In any criminal case, the burden of proof is placed squarely on the prosecution. This is derived from the idea that defendants are considered innocent until proven otherwise. If prosecutors do not provide adequate evidence to meet this burden, then conviction may not be possible.
Part of a prosecutor's job is to show that accused individual demonstrated criminal intent in relation to a specific set of charges. This involves taking a look at whether or not a person, having made a decision, could have reasonably foreseen the result of their actions. This may be a point of discussion in an ongoing case of health care fraud involving an Iowa City pharmacist.
According to the Associated Press, a pharmacy owner recently pled guilty to more than a dozen counts of fraud in a Des Moines courtroom. Law enforcement officials say that the man submitted bills to an insurance company for expensive hemophilia drugs with fraudulent intent. Prosecutors claim that the Iowa-based pharmacy actually didn't do much in terms of dispensing the drugs, but was operating to provide out-of-state companies with access to insurers.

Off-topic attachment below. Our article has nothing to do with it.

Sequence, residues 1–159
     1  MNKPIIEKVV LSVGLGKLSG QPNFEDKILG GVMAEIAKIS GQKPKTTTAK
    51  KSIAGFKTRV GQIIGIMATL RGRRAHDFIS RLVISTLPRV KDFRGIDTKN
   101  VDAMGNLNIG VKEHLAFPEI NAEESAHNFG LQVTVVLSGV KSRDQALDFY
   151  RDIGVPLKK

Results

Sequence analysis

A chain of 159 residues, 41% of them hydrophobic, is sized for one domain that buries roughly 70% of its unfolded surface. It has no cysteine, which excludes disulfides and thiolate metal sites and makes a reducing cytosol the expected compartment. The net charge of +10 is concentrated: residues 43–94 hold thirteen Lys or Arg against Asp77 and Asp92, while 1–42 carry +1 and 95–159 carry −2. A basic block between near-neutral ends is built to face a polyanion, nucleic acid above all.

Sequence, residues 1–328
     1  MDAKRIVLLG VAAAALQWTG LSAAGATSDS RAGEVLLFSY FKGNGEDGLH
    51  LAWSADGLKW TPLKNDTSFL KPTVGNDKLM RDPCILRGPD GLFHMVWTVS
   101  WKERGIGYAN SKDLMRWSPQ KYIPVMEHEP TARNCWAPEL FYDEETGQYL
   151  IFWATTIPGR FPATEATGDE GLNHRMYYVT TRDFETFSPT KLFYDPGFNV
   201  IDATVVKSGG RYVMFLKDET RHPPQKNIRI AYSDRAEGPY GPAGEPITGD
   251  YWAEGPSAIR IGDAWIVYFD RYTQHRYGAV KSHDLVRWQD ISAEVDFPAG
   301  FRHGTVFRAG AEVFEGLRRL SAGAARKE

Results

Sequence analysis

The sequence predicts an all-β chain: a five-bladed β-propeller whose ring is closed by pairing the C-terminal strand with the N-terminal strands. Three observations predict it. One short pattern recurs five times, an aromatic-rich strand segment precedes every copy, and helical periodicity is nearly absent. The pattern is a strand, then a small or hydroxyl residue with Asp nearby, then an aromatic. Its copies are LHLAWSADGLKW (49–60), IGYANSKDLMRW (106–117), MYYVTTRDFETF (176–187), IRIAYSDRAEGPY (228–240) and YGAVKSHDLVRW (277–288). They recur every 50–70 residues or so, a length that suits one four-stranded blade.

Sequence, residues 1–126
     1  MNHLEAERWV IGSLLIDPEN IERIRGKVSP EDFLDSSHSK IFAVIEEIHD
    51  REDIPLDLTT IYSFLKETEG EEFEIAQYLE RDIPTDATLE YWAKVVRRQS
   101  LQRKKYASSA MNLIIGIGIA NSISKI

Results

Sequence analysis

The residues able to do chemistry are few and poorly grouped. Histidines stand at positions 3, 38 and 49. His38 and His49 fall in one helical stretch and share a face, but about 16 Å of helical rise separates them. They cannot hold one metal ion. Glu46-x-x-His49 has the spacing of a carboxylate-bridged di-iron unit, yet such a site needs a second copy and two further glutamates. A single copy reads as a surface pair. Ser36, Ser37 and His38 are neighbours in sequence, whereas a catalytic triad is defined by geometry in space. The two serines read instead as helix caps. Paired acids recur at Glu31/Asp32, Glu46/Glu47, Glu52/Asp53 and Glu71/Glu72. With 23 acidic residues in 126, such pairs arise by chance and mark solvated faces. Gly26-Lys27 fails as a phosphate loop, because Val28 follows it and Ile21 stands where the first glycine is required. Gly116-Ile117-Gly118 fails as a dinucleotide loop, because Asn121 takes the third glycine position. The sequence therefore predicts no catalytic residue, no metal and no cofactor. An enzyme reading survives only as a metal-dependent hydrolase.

One thing to note is that this pharmacy was providing "life-saving" drugs to people living with hemophilia, a dangerous blood disorder. In other words, it seems that the pharmacy was fulfilling an important purpose.
In response to the specific charges, a legal representative for the accused pharmacist says that this criminal matter has emerged from a business dispute with an insurance provider. Interestingly enough, it's said that the supposed criminal nature of the man's actions could be up for debate, since "reasonable minds" may not agree that the Iowa pharmacy provided a billable service.
Source: The Associated Press, "Trial begins for Iowa pharmacist accused of fraud," Feb. 24, 2014